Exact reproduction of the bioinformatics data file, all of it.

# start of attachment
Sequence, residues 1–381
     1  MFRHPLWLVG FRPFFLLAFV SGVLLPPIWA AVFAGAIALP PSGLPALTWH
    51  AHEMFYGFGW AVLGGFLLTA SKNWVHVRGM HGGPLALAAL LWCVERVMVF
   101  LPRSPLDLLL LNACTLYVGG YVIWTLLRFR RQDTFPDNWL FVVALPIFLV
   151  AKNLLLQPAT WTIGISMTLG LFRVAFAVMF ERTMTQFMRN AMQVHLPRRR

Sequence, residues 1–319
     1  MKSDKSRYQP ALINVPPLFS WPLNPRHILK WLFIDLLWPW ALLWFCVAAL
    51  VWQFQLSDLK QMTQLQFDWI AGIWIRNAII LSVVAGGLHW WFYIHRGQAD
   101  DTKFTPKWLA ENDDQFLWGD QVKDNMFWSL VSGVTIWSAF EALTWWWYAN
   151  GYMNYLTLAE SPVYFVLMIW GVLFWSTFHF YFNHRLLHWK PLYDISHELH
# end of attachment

Sequence, residues 1–381
     1  MFRHPLWLVG FRPFFLLAFV SGVLLPPIWA AVFAGAIALP PSGLPALTWH
    51  AHEMFYGFGW AVLGGFLLTA SKNWVHVRGM HGGPLALAAL LWCVERVMVF
   101  LPRSPLDLLL LNACTLYVGG YVIWTLLRFR RQDTFPDNWL FVVALPIFLV
   151  AKNLLLQPAT WTIGISMTLG LFRVAFAVMF ERTMTQFMRN AMQVHLPRRR

Sequence, residues 1–319
     1  MKSDKSRYQP ALINVPPLFS WPLNPRHILK WLFIDLLWPW ALLWFCVAAL
    51  VWQFQLSDLK QMTQLQFDWI AGIWIRNAII LSVVAGGLHW WFYIHRGQAD
   101  DTKFTPKWLA ENDDQFLWGD QVKDNMFWSL VSGVTIWSAF EALTWWWYAN
   151  GYMNYLTLAE SPVYFVLMIW GVLFWSTFHF YFNHRLLHWK PLYDISHELH